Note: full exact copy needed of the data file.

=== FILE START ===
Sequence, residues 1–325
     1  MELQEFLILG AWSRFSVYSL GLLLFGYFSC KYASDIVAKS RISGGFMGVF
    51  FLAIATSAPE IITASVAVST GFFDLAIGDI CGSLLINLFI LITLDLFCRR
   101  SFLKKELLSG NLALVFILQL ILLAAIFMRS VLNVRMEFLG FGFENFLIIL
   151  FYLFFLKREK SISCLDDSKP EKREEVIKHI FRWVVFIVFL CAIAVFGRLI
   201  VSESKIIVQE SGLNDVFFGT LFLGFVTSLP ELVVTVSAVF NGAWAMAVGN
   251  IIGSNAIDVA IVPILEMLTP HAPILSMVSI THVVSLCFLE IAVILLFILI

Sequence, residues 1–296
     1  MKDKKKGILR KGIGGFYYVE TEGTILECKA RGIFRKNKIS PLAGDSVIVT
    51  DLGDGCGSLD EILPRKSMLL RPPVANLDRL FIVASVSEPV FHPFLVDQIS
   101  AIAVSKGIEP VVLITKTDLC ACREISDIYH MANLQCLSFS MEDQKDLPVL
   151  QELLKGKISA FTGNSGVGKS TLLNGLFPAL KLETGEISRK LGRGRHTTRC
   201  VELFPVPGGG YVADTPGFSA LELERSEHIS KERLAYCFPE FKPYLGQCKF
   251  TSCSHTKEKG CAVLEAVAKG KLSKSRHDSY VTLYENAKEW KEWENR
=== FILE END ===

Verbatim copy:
Sequence, residues 1–325
     1  MELQEFLILG AWSRFSVYSL GLLLFGYFSC KYASDIVAKS RISGGFMGVF
    51  FLAIATSAPE IITASVAVST GFFDLAIGDI CGSLLINLFI LITLDLFCRR
   101  SFLKKELLSG NLALVFILQL ILLAAIFMRS VLNVRMEFLG FGFENFLIIL
   151  FYLFFLKREK SISCLDDSKP EKREEVIKHI FRWVVFIVFL CAIAVFGRLI
   201  VSESKIIVQE SGLNDVFFGT LFLGFVTSLP ELVVTVSAVF NGAWAMAVGN
   251  IIGSNAIDVA IVPILEMLTP HAPILSMVSI THVVSLCFLE IAVILLFILI

Sequence, residues 1–296
     1  MKDKKKGILR KGIGGFYYVE TEGTILECKA RGIFRKNKIS PLAGDSVIVT
    51  DLGDGCGSLD EILPRKSMLL RPPVANLDRL FIVASVSEPV FHPFLVDQIS
   101  AIAVSKGIEP VVLITKTDLC ACREISDIYH MANLQCLSFS MEDQKDLPVL
   151  QELLKGKISA FTGNSGVGKS TLLNGLFPAL KLETGEISRK LGRGRHTTRC
   201  VELFPVPGGG YVADTPGFSA LELERSEHIS KERLAYCFPE FKPYLGQCKF
   251  TSCSHTKEKG CAVLEAVAKG KLSKSRHDSY VTLYENAKEW KEWENR